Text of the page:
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What’s the Difference Between Beer and Lager?

If you’re new to the world of beer, you’ve probably noticed that there’s… well… quite a lot of them. Actually, there’s over 100 different types of beers out there. But don’t panic! We’re only talking about lager today. 

Lagers are a really popular type of beer that are consumed basically everywhere. You’ll be hard pressed to find a pub or bar that doesn’t sell some kind of lager. They’re crisp and refreshing with just the right amount of bitterness. So put your learning hat on – we’re checking out the difference between beer and lager.

What Is Lager?

Most beers fall into two categories – ale and lager. And you’re probably wondering what the difference between lager and ale is. 

Ale and lager are both types of beer. Both of them are fermented – which is what gives them the alcohol content. And both contain the simple ingredients of water, yeast, malt, and hops. But the different ways they’re fermented gives them totally different flavours. 

Lagers are made with bottom fermenting strains of yeast. They literally ferment at the bottle of the barrel (ales use a yeast that ferments at the top). And they are brewed at a cooler temp. Which means less of the fruity notes from the hops make it into the final beer. Leaving you with a crisp, refreshing, totally sippable beer. Some lagers have a real zap of citrus flavours and they usually have a really nicely balanced bitterness. 

Ales tend to have a smoother mouthfeel, fewer bubbles, and more fruity notes. Some even have a kind of pine flavour depending on the types of hops used. And most are more bitter than your average lager. Pale ale and IPA are both popular types of ales.

Is Lager Beer?

Yep. The real clever clogs out there will know that all lagers are beer but not all beers are lager.

Types of Lager

Just like other types of beers, lagers can be divided into different categories. The term lager itself is a bit of a catch-all name for any type of bottom-fermenting beer. But there are different types like pilsners, helles, and dunkels. Or just call it lager. It won’t mind. Just like ales, lagers can be pale, amber, or dark depending on how it’s brewed.


These dry, aromatic and hoppy lagers have become very popular recently. The biggest difference between pilsners and other lagers is that pilsners tend to have more hoppiness. And they use a different type of yeast. Thirst-quenching and tasty. 

Origin: Technically Czech. But has a mixed heritage from both Czechia and Bavaria – Bavarian yeast strain mixed with the Czech water. 

Appearance: Pale, clear, crisp, and golden.
Taste: Dry, aromatic, and hoppy. 

Fun fact: They were named after the Czech city Plzen and were created because Czech beer at the time was a bit rubbish.


A traditional German pale lager, produced mostly in Southern Germany – looking at you, Munich. It was universally available in most German-speaking cities but fell out of fashion in the 1960s. Recently though, the Berlin hipsters have re-incarnated it and it has become quite trendy again.

Origin: Munich, South Germany. The Germans love a good lager.

Appearance: pale and clear.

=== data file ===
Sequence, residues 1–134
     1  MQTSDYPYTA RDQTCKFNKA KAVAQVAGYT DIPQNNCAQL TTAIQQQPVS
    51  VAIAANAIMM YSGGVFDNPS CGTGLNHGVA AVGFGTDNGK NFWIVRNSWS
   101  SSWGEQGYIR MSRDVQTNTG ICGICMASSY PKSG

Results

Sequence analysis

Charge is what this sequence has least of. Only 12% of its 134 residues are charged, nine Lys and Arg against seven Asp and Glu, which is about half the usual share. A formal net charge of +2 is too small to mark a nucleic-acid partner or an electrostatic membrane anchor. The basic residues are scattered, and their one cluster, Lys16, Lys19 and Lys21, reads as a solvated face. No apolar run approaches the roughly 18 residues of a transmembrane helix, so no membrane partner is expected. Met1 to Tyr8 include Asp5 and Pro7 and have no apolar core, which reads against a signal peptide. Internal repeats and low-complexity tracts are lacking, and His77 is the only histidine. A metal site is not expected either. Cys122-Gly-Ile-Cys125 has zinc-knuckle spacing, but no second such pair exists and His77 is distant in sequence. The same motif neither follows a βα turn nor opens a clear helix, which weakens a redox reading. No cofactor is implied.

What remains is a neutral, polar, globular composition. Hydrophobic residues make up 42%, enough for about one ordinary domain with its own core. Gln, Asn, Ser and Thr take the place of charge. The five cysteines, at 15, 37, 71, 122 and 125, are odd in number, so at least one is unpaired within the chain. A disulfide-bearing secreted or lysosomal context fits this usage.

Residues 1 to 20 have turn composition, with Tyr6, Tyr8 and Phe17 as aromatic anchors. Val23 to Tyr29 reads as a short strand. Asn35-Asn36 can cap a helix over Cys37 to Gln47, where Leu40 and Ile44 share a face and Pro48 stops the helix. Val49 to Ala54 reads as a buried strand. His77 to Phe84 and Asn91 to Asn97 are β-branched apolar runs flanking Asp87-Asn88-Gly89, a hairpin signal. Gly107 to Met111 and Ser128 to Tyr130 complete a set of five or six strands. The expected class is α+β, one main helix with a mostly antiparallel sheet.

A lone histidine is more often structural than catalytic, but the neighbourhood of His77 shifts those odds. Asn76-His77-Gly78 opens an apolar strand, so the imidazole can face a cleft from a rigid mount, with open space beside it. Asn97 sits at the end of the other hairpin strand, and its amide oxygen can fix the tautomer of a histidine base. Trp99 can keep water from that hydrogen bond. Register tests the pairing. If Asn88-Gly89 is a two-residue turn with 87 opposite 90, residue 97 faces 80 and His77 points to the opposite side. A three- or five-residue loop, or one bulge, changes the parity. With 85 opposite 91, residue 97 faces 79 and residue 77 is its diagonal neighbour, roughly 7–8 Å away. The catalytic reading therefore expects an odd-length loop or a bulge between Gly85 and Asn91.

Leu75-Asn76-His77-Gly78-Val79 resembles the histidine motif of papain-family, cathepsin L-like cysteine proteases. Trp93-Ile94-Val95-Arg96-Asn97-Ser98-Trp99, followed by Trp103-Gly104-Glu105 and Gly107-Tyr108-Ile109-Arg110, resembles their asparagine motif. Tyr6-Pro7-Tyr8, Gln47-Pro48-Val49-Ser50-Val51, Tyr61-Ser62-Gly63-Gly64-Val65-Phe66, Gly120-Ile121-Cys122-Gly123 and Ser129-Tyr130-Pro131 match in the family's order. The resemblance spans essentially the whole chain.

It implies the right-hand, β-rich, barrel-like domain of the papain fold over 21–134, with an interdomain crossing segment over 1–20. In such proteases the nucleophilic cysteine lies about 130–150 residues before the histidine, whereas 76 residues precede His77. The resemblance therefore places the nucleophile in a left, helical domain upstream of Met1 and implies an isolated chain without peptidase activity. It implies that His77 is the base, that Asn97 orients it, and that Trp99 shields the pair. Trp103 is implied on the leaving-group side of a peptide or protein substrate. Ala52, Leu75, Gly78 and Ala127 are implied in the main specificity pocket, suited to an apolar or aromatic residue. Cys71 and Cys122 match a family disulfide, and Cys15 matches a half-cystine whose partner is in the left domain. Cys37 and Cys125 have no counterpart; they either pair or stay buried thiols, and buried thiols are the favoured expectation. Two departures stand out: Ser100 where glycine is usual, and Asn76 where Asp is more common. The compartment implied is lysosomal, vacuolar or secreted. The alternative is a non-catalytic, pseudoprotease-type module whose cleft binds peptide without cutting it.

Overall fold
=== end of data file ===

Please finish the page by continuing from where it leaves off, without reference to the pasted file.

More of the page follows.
Taste: Full-bodied, mildly sweet, not too bitter. Less hoppiness than a Pilsner.  

Fun fact: There’s nothing hot and fiery about this beer – The German word hell can be translated as "bright", "light", or "pale".

Beavertown Bones Skeletal Hand Pint Glass. Zoomed in on lower half of glass filled with beer and has a white Beavertown logo amongst orange and blue streaks. Image focused on the skeleton hand grooves engrained on lower half of glass. Glass sitting on Beavertown beer runner with brown bar background.


Originally created in the 1500s, they’re the OG of German beers. Dunkels are the more robust and rugged older brother of Helles as they also originated in South Germany. They still use lager yeast but rely on darker roasted malts to get their deep colour. 

Origin: 1500s Germany. Drinking one is basically like stepping into a time machine.

Appearance: Amber to dark reddish brown
Taste: Smooth, low bitterness, and a malty flavour.

Fun fact: Dunkel literally means “dark” in German (spoiler alert). 


Märzen beers (pronounced like mear-tzen) originated in Bavaria sometime around the 16th century. It was the OG Oktoberfest beer and is still super popular in the south of Germany, although less popular elsewhere. It’s a lighter, paler cousin so if you’re not a big fan of other lagers, it might be the perfect sip for you.

Origin: Bavaria – The home of Oktoberfest.

Appearance: Light and clear
Taste: Less hoppy, fuller-bodied, and sweeter than other Bavarian lagers.

Fun fact: Märzen means March because these beers were brewed in March for the cooler temps. In fact, brewing beer was forbidden between April and September because the weather was too warm to create the right flavours. 

Try Our Dead Good Lager

So after all that lager talk you’re probably about ready for one, aren’t you? A nice crisp, cold beer sounds perfect right about now. Well, we only have one lager here at Beavertown. But we’re really proud of it. 

Bones is our award-winning (literally) craft lager. And we basically reached perfection with this one so we haven’t bothered with another. 

It’s a low bitterness lager with a hint of citrus and the smoothest, cleanest aftertaste. For the ultimate, thirst-quenching, easy-drinking beer around. Guaranteed to hit the spot. From your first can to your last. It’s dead good. 

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